Review: “Live at Shea Stadium,” The Clash


The Clash came out of the London punk scene of the late 70s that featured, among others, Elvis Costello and the Sex Pistols. Many times the punk bands were good in the studio (Costello), but sucked on stage (Sex Pistols, although they were funny).  But that was the idea: they were supposed to suck, Costello couldn’t help but be good.  Everything was played at breakneck speed usually sung off key.  However, Live at Shea Stadium has neither of these negative elements.  It kicks ass from start to finish.

Actually punk was long dead when Live at Shea Stadium was recorded in 1982.  The Clash -featuring Joe Strummer, Mick Jones, Terry Chimes (replacing drummer Topper Headon who was kicked out because of his need for heroin) and Paul Simonon – opened for The Who on their first of many farewell tours.  They ripped through “Train in Vain,” “Rock the Casbah,” “Spanish Bombs,” and “Should I Stay or Should I Go.”  They also dug into the catalog for gems like “London Calling,” “The Magnificent Seven,” the ska-inflected B-side “Armagideon Time” and a rocking “Clampdown.”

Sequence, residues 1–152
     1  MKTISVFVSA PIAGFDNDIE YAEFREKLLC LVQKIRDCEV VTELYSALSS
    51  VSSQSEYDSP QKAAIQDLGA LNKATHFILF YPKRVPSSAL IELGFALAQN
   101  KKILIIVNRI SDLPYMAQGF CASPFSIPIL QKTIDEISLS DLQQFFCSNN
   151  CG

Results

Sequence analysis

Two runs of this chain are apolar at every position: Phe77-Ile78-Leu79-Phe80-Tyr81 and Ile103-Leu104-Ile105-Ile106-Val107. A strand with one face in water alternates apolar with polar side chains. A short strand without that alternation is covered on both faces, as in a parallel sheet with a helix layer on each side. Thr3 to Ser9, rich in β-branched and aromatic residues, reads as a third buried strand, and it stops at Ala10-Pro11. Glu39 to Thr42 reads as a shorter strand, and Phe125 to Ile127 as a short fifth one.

Live at Shea Stadium was one of the last great recordings that featured Strummer and Jones together.  Jones was fired the following year and went on to form Big Audio Dynamite.  Strummer continued on with some other guys, but it was never the same. There have been many great nights at the soon-to-be torn down Shea Stadium. This collection captures one of them.

MP3: “London Calling” (live)

MP3: “Rock The Casbah” (live)

The Clash official website

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